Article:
Setting up an Electricity Supply Deep in the Middle of an Unexplored Rainforest
Expedition Technician, Dan Sargison, describes the trials of powering an energy-hungry team in the most remote of locations
Demands Grow with the Expedition Plans
When I was first asked to power the camp back at the beginning of the project, we were thinking about a few lights, a laptop and the charging of some small kit. Now we’ve increased this to 10 walkie talkies, 5 satphones, a huge maritime satphone, 4 chunky laptops, a large HF radio, a fan, lots of video and photo camera batteries, GPS devices, a satellite BGAN terminal, and plenty of lights!
Since early 2010, we have been over lots of different ways to power all of this, from hydro and solar to pedal power, but reliability and cost is a massive issue so we now have a couple of solar panels, and a small petrol generator. I found the solar data from NASA on the Internet for Indonesia giving me figures for the panels, but we had to rely on something that we could work with in-country in an emergency that wouldn’t cost a fortune.
Solar Future and Human Hamsters
In future expeditions with more funding, I’d like to think that solar is the way forward, but then what do you do if there is a week of bad weather? There has to be a backup method for safety reasons and this was something that was painstakingly calculated and experimented with over the past year. Converting two of my own vans with a simple but robust 12V electricity supply, I knew I was up to the job but with some modification and a tight budget.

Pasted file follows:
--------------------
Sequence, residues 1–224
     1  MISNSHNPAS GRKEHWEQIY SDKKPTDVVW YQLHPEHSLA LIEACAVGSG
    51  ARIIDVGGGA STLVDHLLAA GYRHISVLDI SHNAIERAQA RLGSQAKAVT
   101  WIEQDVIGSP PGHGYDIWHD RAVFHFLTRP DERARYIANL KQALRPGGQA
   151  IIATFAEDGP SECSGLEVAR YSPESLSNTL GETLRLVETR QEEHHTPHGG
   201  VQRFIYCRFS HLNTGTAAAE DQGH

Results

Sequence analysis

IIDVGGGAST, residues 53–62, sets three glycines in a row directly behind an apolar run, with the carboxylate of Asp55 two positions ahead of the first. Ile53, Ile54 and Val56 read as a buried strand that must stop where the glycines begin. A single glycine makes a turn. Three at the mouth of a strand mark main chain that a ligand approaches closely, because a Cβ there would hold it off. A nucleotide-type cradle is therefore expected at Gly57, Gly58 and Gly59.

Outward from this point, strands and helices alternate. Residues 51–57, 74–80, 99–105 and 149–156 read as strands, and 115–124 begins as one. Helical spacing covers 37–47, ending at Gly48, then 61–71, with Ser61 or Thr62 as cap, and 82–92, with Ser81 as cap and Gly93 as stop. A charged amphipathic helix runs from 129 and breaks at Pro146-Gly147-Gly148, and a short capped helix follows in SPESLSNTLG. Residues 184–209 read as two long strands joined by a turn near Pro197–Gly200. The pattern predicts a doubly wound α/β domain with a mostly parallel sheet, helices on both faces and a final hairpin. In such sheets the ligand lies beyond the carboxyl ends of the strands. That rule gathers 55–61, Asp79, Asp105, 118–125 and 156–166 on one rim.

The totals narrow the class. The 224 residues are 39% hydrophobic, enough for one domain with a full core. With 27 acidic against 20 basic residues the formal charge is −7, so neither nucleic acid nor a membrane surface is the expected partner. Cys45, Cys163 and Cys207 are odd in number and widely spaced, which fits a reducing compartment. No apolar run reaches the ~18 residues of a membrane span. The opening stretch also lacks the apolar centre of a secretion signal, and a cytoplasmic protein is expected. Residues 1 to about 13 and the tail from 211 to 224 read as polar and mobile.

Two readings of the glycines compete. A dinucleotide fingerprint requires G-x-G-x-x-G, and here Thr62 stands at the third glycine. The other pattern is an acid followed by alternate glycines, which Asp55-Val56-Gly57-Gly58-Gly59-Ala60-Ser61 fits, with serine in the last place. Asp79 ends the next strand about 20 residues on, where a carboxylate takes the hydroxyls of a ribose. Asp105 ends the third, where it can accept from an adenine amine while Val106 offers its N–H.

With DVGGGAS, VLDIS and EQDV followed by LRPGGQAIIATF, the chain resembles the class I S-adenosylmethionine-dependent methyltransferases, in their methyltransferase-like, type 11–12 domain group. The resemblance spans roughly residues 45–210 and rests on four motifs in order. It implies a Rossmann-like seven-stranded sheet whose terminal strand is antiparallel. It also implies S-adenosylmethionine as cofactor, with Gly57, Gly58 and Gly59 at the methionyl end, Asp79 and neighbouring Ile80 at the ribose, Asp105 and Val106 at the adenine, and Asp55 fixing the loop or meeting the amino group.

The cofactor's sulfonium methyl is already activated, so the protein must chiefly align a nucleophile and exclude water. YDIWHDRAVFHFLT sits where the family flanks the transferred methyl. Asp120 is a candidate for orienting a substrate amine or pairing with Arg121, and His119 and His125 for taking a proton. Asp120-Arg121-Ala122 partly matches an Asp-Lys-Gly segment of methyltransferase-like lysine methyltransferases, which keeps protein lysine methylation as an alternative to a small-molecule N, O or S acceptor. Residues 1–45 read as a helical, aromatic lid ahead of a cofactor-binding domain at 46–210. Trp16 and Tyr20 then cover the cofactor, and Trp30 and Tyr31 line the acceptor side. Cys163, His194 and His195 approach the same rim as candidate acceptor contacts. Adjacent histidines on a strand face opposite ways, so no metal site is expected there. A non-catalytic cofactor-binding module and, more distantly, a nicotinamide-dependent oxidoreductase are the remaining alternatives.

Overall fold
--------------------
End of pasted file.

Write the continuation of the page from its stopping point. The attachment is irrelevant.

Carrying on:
The option that drew a lot of my attention was a bike on a stand using a car alternator with a human hamster providing the leg power, but after working out that the amount of extra rice needed to feed the peddler to provide the energy, weighs more than the petrol used to provide the same amount of electricity through a generator, plus who can pedal for 15 hours a day in this heat and humidity? I thought I’d sideline that one for another time. Wind power isn’t possible because there is no wind in the jungle!
Kit Choice vs Weight
So choosing the bits and bobs to bring with us was tough! I like a selection of tools, cables and switches but freighting costs forced me to bring the bare minimum, and I don’t mind saying that I think we’re doing just great! Although I’m constantly battling to remind people of the previously agreed power usage, I guess the need to edit the media we’re getting out here is an important job, plus it keeps me on my toes and my little corner of the science tent is always buzzing away.
Apart from a few niggles with a couple of minor pieces of equipment already going BANG or on their way out, everything is going swimmingly and we’re managing to keep people well-lit, well charged, and online when needed so I feel like I’ve accomplished something. In over 30 degree heat with such high humidity, we’re really pushing the kit to its limit so my fingers are crossed that we reach the end with a still-working mini “power station”.
It’s All Worth It
I knew all my worrying and testing would not be in vain and I suppose I’ll continue to worry about the electricity because someone’s got to! But then I see the images and videos being created for our website, and the live Guardian chat earlier this week, along with hopefully a few Skype chats with schools and I know I am in the right place.
After a long period of travelling, heavy lifting, clearing base camp for use and helping to construct the camp from scratch, apart from helping cut a trail the other day, it’s nice to now just have my head in a bundle of wires with a beady eye on the voltmeter just until everything’s settled and working perfectly. Then I can get back out into the jungle, knee-deep in mud surrounded in insects and wildlife!